A revised forecast from IDC calls for a declining smartphone growth rate. Global smartphone shipments will increase only 3.1% year-over-year (YoY) in 2016, markedly slower than the 10.5% rate originally forecast, according to IDC. Global smartphone shipments will total 1.48 billion this year and increase to 1.84 billion in 2020, two percentage points lower than IDC originally forecast as growth in consumer purchases slows in China and mature markets – the U.S. and Western Europe.
Smartphone demand in the U.S., Western Europe and China will drop to low single-digit rates this year, IDC highlights in a press release.
A number of factors are contributing to the declining smartphone growth rate, IDC explains. Smartphone buying behavior is changing worldwide. In markets dominated by carriers, the shift away from subsidized 2-year contracts towards monthly installment plans is gradually moving forward. In markets driven by retail smartphone purchases, shoppers are increasingly turning to online e-tail marketplaces when making purchases.
Declining Smartphone Growth Rate
“Consumers everywhere are getting savvy about how and where they buy their smartphones, and this is opening up new doors for OEMs and causing some traditional channels to lose some control of the hardware flow,” commented Ryan Reith, program vice president with IDC’s Worldwide Quarterly Mobile Phone Tracker.
“Smartphones sold into eTailer channels grew 65% in 2015 and are expected to account for roughly 12% of smartphone shipments in 2016, up from just 4% in 2013. Consumers are having more say over which brands they want and at the same time able to bargain shop.”
Smartphone OEMs, distributors and retailers are working to mitigate the declining smartphone growth rate by preventing users from extending smartphone lifetimes any further. Some, such as Apple, are supporting or have introduced early trade-in programs. And greater availability of cheap, unlocked smartphones will play an important role in some markets, according to IDC.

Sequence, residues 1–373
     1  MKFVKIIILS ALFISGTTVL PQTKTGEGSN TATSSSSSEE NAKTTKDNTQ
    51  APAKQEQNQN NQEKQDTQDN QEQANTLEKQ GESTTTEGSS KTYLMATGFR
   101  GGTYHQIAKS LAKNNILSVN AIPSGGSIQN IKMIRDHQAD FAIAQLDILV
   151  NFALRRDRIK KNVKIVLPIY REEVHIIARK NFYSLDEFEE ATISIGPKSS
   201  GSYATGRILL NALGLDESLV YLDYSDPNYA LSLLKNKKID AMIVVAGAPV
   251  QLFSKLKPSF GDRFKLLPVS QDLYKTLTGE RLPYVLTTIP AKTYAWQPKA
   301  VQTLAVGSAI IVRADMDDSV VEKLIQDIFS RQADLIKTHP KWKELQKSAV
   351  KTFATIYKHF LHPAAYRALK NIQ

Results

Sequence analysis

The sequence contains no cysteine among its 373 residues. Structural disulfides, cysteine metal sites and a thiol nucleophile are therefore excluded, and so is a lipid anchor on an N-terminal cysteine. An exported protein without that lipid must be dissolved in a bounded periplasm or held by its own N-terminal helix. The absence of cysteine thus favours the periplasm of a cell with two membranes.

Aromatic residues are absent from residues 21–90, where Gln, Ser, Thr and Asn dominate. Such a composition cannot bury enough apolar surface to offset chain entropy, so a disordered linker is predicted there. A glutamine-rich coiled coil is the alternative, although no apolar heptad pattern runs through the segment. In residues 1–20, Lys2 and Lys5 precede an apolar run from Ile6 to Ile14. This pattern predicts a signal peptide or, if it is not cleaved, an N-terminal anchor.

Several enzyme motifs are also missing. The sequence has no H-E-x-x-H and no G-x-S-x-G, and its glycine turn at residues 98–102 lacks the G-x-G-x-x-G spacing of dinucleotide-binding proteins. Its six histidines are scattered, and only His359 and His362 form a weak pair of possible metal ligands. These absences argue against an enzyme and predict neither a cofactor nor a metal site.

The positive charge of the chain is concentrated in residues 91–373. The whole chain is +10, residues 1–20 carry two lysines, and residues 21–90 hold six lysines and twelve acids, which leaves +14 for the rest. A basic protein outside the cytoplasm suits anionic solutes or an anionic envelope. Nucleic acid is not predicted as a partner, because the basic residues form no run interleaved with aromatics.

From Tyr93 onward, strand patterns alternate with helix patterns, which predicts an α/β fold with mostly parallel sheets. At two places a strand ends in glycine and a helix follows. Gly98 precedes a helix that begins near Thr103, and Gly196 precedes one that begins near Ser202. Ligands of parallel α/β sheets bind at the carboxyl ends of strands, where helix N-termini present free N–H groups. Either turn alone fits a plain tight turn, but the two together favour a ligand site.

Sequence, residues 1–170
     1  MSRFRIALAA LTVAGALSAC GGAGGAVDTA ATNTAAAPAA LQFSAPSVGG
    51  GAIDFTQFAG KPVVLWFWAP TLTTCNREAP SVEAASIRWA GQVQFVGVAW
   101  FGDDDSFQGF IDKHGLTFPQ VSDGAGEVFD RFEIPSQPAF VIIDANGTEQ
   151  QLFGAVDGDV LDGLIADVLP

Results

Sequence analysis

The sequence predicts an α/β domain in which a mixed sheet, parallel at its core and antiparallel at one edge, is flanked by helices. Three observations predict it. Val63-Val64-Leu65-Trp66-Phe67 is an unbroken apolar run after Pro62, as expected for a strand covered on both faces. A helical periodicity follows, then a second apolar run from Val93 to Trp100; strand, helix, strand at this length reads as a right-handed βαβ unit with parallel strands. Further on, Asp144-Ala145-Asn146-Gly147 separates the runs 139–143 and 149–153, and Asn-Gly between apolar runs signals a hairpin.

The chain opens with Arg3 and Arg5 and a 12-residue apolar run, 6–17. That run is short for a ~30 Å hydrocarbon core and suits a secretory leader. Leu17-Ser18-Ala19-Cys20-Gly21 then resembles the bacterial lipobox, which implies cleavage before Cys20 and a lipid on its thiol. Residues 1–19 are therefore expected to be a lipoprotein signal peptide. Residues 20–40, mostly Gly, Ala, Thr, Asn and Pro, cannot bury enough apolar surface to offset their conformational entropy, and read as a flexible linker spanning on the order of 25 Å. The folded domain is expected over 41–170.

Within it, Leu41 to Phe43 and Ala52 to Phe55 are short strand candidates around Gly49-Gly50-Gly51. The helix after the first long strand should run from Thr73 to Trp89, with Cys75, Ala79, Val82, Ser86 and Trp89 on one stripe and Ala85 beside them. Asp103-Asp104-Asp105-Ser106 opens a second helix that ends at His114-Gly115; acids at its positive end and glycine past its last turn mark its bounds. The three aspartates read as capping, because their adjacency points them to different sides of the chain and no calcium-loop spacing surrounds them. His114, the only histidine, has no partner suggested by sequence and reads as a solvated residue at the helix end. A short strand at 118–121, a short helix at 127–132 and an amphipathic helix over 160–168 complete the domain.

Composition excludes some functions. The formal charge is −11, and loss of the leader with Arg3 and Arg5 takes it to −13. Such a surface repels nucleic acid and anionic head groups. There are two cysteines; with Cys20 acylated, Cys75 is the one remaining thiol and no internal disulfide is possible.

“Despite single-digit growth for the overall smartphone market throughout the forecast period, phablets (devices with 5.5-inch screens and larger) are expected to have double-digit growth until 2019, then slowing to 9.2% growth in 2020,” added Anthony Scarsella, research manager with IDC’s Mobile Phones team.
“Vendors continue to push larger screened devices at a variety of price points that feature big bold displays as well as powerful multimedia capabilities in both mature and developed markets. We are witnessing a plethora of vendors shifting their flagship devices towards the phablet category as the average selling price for a phablet will remain significantly higher than a regular smartphone ($383 vs. $260 in 2016) through the forecast period.”
IDC also highlights key takeaways among smartphone platforms:
- Android: Devices powered by the Google operating system are expected to grow 6.2% in 2016 with 1.24 billion shipments, increasing to 1.57 billion in 2020. Android continues to be the dominant platform in most markets and with Microsoft’s ongoing struggles with Windows Phone, it should remain the go-to platform for affordability. Android is expected to grow from 81% of all shipments in 2015 to 84% in 2016 with an average selling price of $218 and dropping below $200 in 2019. Despite having the lion’s share from a platform perspective, OEMs continue to try and differentiate by building UI skins to offer a different look and feel.
- iOS: Apple is expected to face its first down year for iPhone in 2016 with shipments dropping from 232 million in 2015 to 227 million in 2016. The expected decline of 2% year over year is a significant change from past years’ growth and marks a pivotal moment for the company. IDC believes Apple can bring iPhone back to growth in 2017 and beyond supported by its early trade-in program as well as the lower cost iPhone SE. It continues to make inroads in China with development in tier 1 cities and is actively trying to penetrate higher growth markets like India and Middle East. The larger screen iPhone 6 Plus and 6S Plus will continue to grow its share of all iPhones shipped, increasing from 26% in 2016 to 32% in 2020.
- Windows Phone: Microsoft’s recent sell-off of the remaining Nokia assets and its announcement to continue support for Windows Phone but focus on enterprise users paints a clear picture that the platform won’t see a significant ramp shortly. Partner OEMs have been few and far between, and this announcement certainly won’t change that. Whether or not we see a Surface Phone one day is still anyone’s guess, but even if so it is likely to be a high-end device and not one with a mass market focus.